The Durango & Silverton Narrow Gauge Railroad hopes to resume coal-fired steam engine service to Silverton on Thursday, after more than 40 days stuck in the depot.
"We are preparing to run on that day," General Manager John Harper said Tuesday.
Harper said the train will work with local agencies and fire districts in the next few days to make sure everyone agrees it is safe to run the coal-fired engines, which are known for sending off cinders and starting small fires.
On Wednesday, La Plata County commissioners will discuss whether to downgrade current Stage 3 fire restrictions, which ban the use of coal-fired steam engines. Lowering fire restrictions would effectively allow D&SNG officials to decide whether it's safe to run their coal-fired engines.
However, there's no guarantee commissioners will ease fire restrictions. On June 21, for instance, commissioners turned down a request to downgrade to Stage 2 restrictions, arguing extreme fire danger was still present.
County commissioners were in a meeting Tuesday afternoon and could not be reached for comment.
The D&SNG shut down service June 1 - the day the 416 Fire broke out - to lower the risk of additional wildfires. The Harper family has assured the public that coal-fired engines would not run until rains relieved drought conditions.
Southwest Colorado received some rain over the past few days, but not enough to reverse the extreme fire danger. The U.S. Drought Monitor still lists the region in an "exceptional drought," the highest and most dangerous drought category.
Gretchen Fitzgerald, spokeswoman for the U.S. Forest Service, said rain across the area has been spotty and inconsistent. As a result, the Forest Service won't downgrade any fire restrictions until more precipitation arrives.
The San Juan National Forest is currently under Stage 2 restrictions.
Rains predicted for later this week, however, could change that. The National Weather Service has issued a flash-flood watch for Southwest Colorado for Wednesday and Thursday, with the chance of rain continuing into the weekend.
"Basically, we're going to wait and see what the rain does," Fitzgerald said. "We've all got our fingers crossed."
Durango Fire Protection District Chief Hal Doughty, however, said he feels comfortable with lowering fire restrictions.
"We believe the weather forecast shows it's likely we'll continue to get rain showers the next several days," he said.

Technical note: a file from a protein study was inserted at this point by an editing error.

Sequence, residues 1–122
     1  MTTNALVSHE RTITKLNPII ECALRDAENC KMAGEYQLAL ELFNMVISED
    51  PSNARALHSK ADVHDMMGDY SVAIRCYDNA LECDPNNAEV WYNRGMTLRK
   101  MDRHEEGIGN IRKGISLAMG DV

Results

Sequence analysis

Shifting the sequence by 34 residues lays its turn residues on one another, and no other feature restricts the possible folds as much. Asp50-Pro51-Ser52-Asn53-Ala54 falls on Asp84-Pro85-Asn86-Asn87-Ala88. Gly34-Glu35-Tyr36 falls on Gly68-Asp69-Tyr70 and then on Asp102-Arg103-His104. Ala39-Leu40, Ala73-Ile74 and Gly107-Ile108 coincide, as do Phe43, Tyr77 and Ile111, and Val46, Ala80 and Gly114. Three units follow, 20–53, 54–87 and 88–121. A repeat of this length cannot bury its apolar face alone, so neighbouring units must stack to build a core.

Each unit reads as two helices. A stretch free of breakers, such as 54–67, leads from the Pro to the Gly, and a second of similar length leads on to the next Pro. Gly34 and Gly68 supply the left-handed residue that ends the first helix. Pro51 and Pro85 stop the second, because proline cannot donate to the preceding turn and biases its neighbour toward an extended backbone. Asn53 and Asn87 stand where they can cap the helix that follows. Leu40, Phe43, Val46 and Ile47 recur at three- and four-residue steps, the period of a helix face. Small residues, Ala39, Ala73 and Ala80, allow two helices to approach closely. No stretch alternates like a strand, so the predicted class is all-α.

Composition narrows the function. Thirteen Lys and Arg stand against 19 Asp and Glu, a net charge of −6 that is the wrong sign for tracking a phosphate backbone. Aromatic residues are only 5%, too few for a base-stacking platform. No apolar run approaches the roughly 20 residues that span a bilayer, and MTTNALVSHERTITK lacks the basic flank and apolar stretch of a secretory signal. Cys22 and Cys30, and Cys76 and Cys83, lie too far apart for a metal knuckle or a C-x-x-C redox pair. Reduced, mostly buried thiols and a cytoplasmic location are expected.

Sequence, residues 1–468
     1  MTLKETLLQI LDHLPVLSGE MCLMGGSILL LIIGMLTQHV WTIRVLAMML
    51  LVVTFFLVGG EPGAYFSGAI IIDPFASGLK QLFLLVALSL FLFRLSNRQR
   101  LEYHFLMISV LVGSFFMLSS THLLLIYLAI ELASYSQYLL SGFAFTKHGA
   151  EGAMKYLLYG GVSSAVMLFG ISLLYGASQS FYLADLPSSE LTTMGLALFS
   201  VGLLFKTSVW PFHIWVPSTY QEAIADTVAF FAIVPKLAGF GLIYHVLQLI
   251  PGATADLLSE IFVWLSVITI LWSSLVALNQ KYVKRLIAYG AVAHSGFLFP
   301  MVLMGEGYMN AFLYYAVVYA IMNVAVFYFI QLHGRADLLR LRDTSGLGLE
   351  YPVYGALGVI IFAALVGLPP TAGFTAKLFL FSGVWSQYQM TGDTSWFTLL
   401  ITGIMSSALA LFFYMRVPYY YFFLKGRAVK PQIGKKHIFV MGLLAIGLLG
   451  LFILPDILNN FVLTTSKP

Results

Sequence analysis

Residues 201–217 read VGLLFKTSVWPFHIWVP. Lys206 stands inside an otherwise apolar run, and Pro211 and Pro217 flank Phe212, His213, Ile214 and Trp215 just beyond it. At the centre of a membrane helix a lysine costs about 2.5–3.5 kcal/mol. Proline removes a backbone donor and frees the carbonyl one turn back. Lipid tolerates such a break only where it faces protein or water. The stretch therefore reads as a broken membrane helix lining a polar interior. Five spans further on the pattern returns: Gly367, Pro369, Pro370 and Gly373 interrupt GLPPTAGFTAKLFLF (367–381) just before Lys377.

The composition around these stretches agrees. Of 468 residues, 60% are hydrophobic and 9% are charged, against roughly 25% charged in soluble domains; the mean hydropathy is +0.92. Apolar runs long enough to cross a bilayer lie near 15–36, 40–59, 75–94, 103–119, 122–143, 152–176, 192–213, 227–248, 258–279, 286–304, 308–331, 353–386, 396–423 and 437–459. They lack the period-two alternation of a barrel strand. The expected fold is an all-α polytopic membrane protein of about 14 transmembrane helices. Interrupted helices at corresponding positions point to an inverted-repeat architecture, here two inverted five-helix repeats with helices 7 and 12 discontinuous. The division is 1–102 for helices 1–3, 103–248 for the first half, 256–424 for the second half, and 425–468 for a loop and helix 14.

The D&SNG's Harper said the train has implemented a few new measures over the past month aimed at reducing the risk of wildfire.
The D&SNG recently entered a contract with the Durango Fire Protection District to have a fire truck follow the train between Durango and Rockwood, if conditions are exceptionally dry.
On Tuesday, crews with the fire protection district started clearing brush and building fire lines along the D&SNG's right-of-way to prevent sparks from the train from starting fires
The D&SNG's preventive measures that were already in place - namely the pop cars that follow trains with the capability to douse flames and an on-call helicopter - will also be available.
While the cause of the 416 Fire is under investigation, witness accounts from neighbors adjacent to where the fire started say a cinder from the train started the wildfire.
The 416 Fire has burned more than 54,000 acres, forced thousands of evacuations and caused deep economic impacts in Southwest Colorado. The fire also closed down U.S. Highway 550 for a time and was part of the reason the San Juan National Forest was closed for the first time ever.
Harper said the D&SNG has had to cancel 40,000 passenger rides. In the month of June alone, Harper estimated the closure of the railroad caused an economic loss of about $33 million to the area.
The D&SNG was also forced to furlough 150 employees. Harper said half of those people have been hired back, and the other half found new jobs. The train, as a result, will hire about 75 new employees.
Just because coal-fired trains may be running, doesn't mean the area will see an instant and dramatic turnaround, Harper said.
For the month of July, the D&SNG is down 60 percent for future reservations and about 30 percent for August.
Harper said the D&SNG took years to recover its ridership after the Missionary Ridge Fire in 2002.
"It'll be a very slow progression to get ridership back to where it has been historically," he said.